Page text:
The nature of political and popular school reform is that it occurs in fragmented, incremental steps often in a zig-zag and jagged, not linear,  fashion. Then, after awhile, it is noticed, reported on, and becomes “real.” I believe that is what is occurring now.

The New Yorker cartoon is one of those feathers in the wind.

 

 

13 Comments

Filed under school reform policies

13 responses to “Business-inspired School Reform: Has the Wave Crested?

  1. Ann Staley

    Yep. Pretty funny!

    Ann

    Make visible what, without you, might perhaps never have been seen. —Robert Bresson

  2. Pingback: Waves and fields in ed reform | bloghaunter

    • larrycuban

      Thank you for writing a commentary on this post on your blog, Brian. I think your explanation of the two forces that will constrain any re-emergence of a “progressive” coalition is helpful. I should have used word, “market,” as you have.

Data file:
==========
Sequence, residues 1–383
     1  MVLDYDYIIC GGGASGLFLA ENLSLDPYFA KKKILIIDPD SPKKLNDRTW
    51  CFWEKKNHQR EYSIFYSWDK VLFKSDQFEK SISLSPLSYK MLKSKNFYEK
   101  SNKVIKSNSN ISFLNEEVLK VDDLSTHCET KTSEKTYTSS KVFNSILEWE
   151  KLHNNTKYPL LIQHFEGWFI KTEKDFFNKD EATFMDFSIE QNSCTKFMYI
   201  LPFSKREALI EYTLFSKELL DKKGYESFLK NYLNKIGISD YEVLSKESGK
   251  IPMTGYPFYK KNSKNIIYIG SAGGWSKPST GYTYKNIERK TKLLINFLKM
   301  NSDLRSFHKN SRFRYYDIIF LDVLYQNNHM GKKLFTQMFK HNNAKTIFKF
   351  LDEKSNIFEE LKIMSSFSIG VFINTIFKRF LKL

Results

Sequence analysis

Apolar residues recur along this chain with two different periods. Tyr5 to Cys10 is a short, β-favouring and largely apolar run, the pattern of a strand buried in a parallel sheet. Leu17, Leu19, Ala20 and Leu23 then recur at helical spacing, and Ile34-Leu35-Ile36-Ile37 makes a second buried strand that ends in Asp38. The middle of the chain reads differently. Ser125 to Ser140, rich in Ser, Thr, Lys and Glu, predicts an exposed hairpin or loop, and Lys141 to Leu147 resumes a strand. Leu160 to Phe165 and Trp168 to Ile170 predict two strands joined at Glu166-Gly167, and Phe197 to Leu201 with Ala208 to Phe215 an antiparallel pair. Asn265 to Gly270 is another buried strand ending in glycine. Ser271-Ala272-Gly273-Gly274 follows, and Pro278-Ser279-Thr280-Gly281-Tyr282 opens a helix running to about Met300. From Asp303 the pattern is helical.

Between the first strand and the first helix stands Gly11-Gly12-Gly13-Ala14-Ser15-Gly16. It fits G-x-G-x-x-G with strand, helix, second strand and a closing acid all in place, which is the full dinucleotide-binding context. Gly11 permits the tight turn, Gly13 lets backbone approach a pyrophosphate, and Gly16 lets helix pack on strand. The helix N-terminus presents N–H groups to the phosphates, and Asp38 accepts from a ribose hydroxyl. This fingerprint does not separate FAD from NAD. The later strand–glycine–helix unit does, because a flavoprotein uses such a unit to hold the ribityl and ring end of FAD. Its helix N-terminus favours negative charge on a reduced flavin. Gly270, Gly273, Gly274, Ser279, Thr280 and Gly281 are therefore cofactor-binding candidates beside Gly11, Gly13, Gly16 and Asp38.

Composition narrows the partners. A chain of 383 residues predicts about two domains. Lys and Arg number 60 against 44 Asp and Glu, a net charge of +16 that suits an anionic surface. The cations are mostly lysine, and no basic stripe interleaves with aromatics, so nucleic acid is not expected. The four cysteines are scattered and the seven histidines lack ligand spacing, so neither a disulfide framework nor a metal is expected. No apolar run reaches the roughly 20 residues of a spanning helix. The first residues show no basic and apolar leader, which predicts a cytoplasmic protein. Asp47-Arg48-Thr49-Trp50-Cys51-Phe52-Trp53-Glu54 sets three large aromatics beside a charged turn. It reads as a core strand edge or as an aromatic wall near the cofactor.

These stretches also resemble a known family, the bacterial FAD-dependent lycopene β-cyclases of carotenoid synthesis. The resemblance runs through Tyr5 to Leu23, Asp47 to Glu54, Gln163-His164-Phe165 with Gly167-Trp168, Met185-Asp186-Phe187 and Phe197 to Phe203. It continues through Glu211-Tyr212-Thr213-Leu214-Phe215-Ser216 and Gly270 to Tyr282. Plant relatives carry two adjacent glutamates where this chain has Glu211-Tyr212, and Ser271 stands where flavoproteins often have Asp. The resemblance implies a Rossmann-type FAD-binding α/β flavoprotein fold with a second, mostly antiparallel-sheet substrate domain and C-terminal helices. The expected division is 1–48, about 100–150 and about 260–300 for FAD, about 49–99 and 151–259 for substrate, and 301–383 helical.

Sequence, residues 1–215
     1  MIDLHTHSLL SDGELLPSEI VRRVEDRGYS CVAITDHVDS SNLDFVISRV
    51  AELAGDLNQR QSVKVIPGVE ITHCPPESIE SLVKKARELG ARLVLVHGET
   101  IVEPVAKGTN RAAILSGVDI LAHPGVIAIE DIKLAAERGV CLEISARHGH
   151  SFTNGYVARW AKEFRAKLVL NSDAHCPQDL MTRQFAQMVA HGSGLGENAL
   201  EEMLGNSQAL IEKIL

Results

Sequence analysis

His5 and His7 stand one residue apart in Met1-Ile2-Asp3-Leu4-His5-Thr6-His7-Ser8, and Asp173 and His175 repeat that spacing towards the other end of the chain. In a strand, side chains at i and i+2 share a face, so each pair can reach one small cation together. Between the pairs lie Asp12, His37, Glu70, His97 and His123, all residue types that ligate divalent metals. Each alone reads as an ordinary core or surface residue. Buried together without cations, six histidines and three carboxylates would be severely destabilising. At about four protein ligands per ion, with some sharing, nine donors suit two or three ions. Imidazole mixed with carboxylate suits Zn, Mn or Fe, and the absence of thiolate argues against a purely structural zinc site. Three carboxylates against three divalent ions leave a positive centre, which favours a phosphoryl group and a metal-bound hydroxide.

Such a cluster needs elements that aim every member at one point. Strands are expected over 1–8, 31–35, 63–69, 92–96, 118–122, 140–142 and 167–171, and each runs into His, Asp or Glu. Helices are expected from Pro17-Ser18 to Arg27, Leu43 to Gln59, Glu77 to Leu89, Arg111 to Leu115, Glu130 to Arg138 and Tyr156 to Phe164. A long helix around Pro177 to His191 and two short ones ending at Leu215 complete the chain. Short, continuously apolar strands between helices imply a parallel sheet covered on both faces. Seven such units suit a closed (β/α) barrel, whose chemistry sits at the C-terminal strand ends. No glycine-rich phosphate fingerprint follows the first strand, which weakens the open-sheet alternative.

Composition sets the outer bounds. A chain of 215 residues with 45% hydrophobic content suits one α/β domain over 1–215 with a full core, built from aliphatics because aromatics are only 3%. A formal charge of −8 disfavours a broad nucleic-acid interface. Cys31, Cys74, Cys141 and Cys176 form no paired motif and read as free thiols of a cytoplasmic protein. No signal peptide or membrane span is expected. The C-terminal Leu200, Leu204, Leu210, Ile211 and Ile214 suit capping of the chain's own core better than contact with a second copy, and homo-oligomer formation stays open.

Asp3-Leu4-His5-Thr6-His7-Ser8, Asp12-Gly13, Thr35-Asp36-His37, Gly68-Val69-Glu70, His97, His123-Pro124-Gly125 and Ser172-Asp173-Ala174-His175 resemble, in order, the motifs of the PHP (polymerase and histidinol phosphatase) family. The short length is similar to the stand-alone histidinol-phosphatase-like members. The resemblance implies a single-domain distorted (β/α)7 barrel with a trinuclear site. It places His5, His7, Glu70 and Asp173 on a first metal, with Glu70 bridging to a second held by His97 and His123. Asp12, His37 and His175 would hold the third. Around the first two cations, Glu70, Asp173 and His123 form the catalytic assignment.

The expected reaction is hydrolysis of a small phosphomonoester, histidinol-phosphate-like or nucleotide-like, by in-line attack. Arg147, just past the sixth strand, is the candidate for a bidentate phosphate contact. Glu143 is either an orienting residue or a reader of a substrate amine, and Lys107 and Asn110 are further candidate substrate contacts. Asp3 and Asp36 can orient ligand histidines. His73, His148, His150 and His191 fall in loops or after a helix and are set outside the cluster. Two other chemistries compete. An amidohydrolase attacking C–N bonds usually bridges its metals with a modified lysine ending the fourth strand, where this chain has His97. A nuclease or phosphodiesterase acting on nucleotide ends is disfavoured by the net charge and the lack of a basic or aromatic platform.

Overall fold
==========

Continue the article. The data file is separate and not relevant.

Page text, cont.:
3. As usual Thanks, Larry I remain curious however at why even YOU avoid mentioning Democracy as an issue for schools. It’s implicit in your argument but why do so many of my favorite educators avoid mentioning it explicitly It’s surely at risk most everywhere these days Deb

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    >

    • larrycuban

      Yes, Deb, it is implicit in my argument. Thanks for making the point that I should be more explicit, and yes, it is at more risk–less in schools, I believe, than in the larger society. Thanks for commenting.

  4. Reblogged this on From experience to meaning… and commented: